The benefits of widening the Turnpike are somewhat less obvious, because they are driven largely by supra-regional forces. While ordinarily it might be said that widening a highway to reduce congestion is like loosening one’s belt to reduce obesity, the Turnpike is something of a special case, in that it carries such a large volume of interstate traffic, especially trucks. The Turnpike is a vital artery to the economic health of the entire Northeast Corridor—and, because much of the traffic it carries has both origins and destinations that are not in New Jersey, it has less direct impact on, and is less directly affected by, the state’s land-use practices than other major highways, such as the Parkway, that carry a greater proportion of intra-state traffic.

For this reason, the case for widening the Parkway is far weaker. Arguing that the southern reaches of the Parkway need to be able to handle summer weekend shore traffic at free-flow conditions is akin to insisting that retail parking lots be large enough to accommodate Black Friday shopping. Also, widening the stretch of the Parkway that forms the eastern boundary of the Pinelands raises serious environmental concerns. And the economic arguments for widening the Turnpike fail in the case of the Parkway; it does not allow trucks north of Asbury Park (thus precluding its use as a conduit for pass-through commercial traffic) and its southern end is a dead end, consigning it to handling primarily intra-New Jersey travel. Concerns about traffic might better be addressed by improving land-use practices and local road connectivity in the towns along neighboring Route 9, thereby taking local trips off Route 9 and enabling it to better serve as an alternative to the Parkway for through traffic.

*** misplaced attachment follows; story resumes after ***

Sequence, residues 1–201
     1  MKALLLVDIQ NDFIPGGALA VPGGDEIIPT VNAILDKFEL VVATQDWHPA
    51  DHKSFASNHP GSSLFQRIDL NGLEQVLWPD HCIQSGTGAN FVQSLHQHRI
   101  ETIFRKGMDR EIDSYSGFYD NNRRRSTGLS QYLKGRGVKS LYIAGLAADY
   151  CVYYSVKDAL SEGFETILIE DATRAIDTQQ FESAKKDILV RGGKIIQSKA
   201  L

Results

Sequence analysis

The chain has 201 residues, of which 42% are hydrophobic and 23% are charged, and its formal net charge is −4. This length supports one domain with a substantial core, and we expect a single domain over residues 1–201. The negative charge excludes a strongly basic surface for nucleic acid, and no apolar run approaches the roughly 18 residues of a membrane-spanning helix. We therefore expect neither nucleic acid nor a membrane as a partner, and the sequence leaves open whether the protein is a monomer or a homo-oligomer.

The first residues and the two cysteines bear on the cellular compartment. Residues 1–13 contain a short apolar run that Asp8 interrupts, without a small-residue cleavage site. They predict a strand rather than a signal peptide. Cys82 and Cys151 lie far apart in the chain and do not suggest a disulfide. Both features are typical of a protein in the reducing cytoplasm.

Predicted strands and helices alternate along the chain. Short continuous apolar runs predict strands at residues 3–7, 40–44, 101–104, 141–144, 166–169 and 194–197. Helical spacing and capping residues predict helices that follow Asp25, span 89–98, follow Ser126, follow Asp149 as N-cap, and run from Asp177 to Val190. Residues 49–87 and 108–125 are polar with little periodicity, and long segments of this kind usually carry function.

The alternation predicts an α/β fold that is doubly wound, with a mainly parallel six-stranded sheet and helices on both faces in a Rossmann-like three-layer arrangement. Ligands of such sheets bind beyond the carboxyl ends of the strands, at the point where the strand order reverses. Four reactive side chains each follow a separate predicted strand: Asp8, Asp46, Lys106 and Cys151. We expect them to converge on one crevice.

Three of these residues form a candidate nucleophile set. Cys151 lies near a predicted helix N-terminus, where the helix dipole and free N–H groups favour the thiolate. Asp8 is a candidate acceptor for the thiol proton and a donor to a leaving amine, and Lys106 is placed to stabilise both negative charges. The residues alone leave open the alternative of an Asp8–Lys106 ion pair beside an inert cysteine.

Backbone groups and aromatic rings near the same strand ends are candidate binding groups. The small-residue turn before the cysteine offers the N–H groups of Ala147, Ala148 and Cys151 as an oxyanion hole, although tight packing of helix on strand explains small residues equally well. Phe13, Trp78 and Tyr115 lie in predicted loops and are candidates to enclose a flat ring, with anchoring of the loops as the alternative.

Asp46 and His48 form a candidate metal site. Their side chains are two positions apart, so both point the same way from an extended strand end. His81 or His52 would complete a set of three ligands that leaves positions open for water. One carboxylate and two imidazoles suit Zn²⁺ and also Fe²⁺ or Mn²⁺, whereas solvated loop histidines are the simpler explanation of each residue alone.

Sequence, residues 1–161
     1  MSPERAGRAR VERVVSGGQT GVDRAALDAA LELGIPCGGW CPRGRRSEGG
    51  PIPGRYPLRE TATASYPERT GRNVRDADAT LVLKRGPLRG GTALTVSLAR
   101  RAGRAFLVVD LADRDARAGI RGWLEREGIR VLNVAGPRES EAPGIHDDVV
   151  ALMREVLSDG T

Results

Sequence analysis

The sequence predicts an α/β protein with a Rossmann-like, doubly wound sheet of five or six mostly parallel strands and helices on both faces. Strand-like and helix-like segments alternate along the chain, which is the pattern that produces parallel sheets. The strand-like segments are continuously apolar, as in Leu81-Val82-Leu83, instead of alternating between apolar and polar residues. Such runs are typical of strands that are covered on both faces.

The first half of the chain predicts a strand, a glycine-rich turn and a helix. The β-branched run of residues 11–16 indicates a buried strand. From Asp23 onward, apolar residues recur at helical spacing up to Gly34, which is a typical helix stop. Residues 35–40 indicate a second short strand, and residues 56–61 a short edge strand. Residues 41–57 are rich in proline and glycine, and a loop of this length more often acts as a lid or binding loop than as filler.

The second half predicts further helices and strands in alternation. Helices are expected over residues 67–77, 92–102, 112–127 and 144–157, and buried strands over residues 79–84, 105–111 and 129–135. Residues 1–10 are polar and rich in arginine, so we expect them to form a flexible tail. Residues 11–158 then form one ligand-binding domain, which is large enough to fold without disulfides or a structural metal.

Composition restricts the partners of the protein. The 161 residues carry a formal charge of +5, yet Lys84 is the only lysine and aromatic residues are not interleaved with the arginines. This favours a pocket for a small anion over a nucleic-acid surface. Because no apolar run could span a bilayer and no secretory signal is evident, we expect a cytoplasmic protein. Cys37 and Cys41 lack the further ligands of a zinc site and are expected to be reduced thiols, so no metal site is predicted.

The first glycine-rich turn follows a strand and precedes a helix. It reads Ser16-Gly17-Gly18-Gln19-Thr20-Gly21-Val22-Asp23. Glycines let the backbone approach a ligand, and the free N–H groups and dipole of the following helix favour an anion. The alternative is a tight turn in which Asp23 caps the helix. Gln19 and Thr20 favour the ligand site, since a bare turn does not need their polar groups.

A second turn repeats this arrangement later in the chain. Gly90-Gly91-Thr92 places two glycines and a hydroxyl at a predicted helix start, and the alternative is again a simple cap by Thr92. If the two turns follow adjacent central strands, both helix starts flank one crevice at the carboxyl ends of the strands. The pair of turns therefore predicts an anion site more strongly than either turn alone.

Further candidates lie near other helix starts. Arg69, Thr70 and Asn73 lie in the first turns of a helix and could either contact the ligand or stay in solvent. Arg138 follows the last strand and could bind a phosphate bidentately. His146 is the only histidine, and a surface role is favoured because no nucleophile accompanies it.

Beyond the two major widening projects, the proposed toll increase contemplates several billion dollars in additional improvements to the Turnpike and Parkway over the next 10 years, including more widenings. In today’s economic and environmental climate, these projects demand much closer scrutiny and analysis before any money is spent on designing or building this additional road capacity.

Whatever form the toll increase ends up taking, and to whatever purpose the revenues end up being used, it is important to recognize that this is a stop-gap measure. For the moment, New Jersey urgently needs to fund its share of the ARC tunnel and the Turnpike Authority needs to meet its debt-service payments. Ultimately, however, the state needs a broader, longer-term solution to transportation funding, one that will replenish and maintain the Transportation Trust Fund, which is used to pay for a wide variety of transportation projects statewide and is due to run out of money in 2011. Planning for this eventuality cannot be put off much longer.

If you have any questions about this issue of Future Facts, please contact Tim Evans, Research Director.